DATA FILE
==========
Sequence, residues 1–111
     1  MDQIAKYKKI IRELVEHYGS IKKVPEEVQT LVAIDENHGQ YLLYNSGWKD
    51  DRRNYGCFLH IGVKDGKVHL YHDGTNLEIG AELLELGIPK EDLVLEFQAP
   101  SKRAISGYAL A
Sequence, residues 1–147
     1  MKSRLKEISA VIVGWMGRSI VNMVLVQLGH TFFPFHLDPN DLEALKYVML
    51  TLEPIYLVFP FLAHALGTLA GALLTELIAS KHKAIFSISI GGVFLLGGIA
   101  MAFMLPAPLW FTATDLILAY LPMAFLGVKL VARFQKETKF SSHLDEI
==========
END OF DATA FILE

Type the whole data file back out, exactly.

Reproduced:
Sequence, residues 1–111
     1  MDQIAKYKKI IRELVEHYGS IKKVPEEVQT LVAIDENHGQ YLLYNSGWKD
    51  DRRNYGCFLH IGVKDGKVHL YHDGTNLEIG AELLELGIPK EDLVLEFQAP
   101  SKRAISGYAL A
Sequence, residues 1–147
     1  MKSRLKEISA VIVGWMGRSI VNMVLVQLGH TFFPFHLDPN DLEALKYVML
    51  TLEPIYLVFP FLAHALGTLA GALLTELIAS KHKAIFSISI GGVFLLGGIA
   101  MAFMLPAPLW FTATDLILAY LPMAFLGVKL VARFQKETKF SSHLDEI